Foyer to kitchen pocket door, part 2

by brae  

Continuing work on the pocket door between the foyer and the kitchen, following KathieB's tutorial.

I decided to use 1/4" thick wood for the inner connectors and pocket door mechanism instead of foam core board, using wood glue to create an especially strong bond.  The reason for this is that the wall will serve as a structural wall and I want to cut down on the amount of give and warping it might have.  Unlike Kathie's tab and slot house example, this wall just sits inside the house and will be glued at contact points I need a straight, strong wall.

I asked Kathie what she would have done differently, and she said she wished she had built in a way to open and close the door from the outside, like a string.  As it is, she has to reach in to show that it works, and that requires the removal of furniture.

That got me thinking!  :D  How about a lever that comes out of an opening in the back of the pocket door wall.  You would push the door closed and pull it open like a pop-up book.  The lever itself could be hinged to lay flat when the door is open.

I added a piece of 3/16" strip wood cut to the distance between the edge of the door assembly and the open back when the pocket door is open, with a little to spare.  I added block supports to the end where the lever attaches to the door assembly to strengthen the connection.

I added a hinge at the end of the lever and added more 3/16" strip wood cut to the amount needed to make up the difference when the pocket door is closed.  Even though there are tiny hinges on the market, I opted for a leather hinge instead.  It's flexible and won't be damaged with some turning and bending the way a tiny metal hinge might be over time.  I used brass brads for additional security after gluing the leather in place.  To finish the lever, I added a sewing pin glued into the end.

I used scrap bits of 1/4" thick wood to create a channel for the door lever, a guide above the door and a stop to keep the door from going too far back into the wall when open.  I also finished off the back with 1/4" thick wood, leaving a larger opening than necessary for the lever.  I will cover the back of this wall with a single piece of wood in the end, so these pieces are merely structural and not meant to serve as a clean finish for the back edge of this wall.  Before final assembly, I'll add some more 1/4" thick wood scraps in the open areas to make sure the parlor wall has enough surface to bond to.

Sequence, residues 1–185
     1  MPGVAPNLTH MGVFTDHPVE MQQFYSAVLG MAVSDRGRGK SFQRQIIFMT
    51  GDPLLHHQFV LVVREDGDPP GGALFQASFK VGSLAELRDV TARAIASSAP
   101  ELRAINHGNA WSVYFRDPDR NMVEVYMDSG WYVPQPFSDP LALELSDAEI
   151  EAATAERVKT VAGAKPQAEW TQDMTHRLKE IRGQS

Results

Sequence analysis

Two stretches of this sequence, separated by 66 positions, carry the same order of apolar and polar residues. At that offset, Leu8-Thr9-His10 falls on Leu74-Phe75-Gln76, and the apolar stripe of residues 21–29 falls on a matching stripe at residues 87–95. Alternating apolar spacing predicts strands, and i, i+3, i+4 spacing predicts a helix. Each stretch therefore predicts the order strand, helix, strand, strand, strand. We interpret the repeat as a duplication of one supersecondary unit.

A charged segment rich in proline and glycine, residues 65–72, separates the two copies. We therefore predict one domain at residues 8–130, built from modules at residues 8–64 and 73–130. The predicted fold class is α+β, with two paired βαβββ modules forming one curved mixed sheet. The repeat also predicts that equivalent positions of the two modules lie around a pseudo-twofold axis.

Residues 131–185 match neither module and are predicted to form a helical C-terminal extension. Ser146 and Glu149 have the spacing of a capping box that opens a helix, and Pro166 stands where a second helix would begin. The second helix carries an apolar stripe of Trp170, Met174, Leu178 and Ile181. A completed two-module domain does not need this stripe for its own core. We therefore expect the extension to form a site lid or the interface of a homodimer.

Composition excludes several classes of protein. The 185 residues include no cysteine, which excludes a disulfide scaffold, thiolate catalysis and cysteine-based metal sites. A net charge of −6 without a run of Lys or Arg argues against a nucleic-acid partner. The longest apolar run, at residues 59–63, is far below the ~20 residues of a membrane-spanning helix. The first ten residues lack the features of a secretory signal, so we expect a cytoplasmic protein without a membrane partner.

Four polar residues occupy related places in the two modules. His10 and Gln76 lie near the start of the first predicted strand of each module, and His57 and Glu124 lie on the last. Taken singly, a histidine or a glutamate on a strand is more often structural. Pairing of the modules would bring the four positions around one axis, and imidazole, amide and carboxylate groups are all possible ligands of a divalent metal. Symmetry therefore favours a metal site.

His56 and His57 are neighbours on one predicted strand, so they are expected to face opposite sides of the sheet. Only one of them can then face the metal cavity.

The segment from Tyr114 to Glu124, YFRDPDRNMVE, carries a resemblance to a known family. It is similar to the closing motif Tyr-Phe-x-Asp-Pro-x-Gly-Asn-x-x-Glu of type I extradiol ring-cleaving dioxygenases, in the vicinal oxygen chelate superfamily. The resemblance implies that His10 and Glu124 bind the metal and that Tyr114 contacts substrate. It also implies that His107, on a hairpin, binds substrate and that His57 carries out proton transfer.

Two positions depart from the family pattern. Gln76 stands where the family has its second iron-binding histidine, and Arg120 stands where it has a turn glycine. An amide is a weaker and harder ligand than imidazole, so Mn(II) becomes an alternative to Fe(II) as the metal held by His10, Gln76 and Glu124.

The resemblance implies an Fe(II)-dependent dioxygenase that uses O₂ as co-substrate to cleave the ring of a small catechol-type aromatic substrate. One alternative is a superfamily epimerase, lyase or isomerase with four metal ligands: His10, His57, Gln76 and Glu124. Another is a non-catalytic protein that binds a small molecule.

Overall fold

Here are the inner workings with the door closed...

And with the door open...

A close up of the hinge in place.

I taped the parlor wall to the assembly and set it in place.  The mechanism needs to be treated gently, but it works!  :D

Here is the lever pushed in for the door closed, with the head of the pin showing.  It is angled down for now since there is no finishing wood to keep it propped up.

Here is the lever pulled out for the open door, with the hinge allowing the lever to sit flat against the back of the wall.

I need to paint the lever, prime the walls and finish the door before I can glue the wall together permanently, but I am so pleased it works!  :D

Update: see this post for details on how I stabilized the hinge.  Final trimming is shown in this post.


Comment from: Keli [Visitor]

You are so very, very clever!

11/25/11 @ 14:28
Comment from: Jeannette [Visitor]

Amazing! I never would have thought of that! Thank you for sharing your clever ideas!!

11/25/11 @ 19:03
Comment from: Lucille [Visitor]

Oh my goodness, Brae, you are just so brilliant that it’s unbelievable! What a piece of complicated work that is. Even reading it, I had to stop, think, and examine. Thank you so much for this fantastic tutorial. I don’t know if I’ll ever use it, LOL, but thanks anyways. At least I know it can be done.

11/25/11 @ 20:41
Comment from: brae [Member]

Thanks so much! I’m wondering if the leather hinge is sturdy enough, but really…I won’t be constantly opening and closing the door! :)) And, I can replace it somewhat easily if it wears out.

11/25/11 @ 21:27
Comment from: Lyssa [Visitor]

YOu. Are. A. Genius. I love this!

11/27/11 @ 23:01
Comment from: Irene [Visitor]

That is an ingenious idea.

11/30/11 @ 16:20

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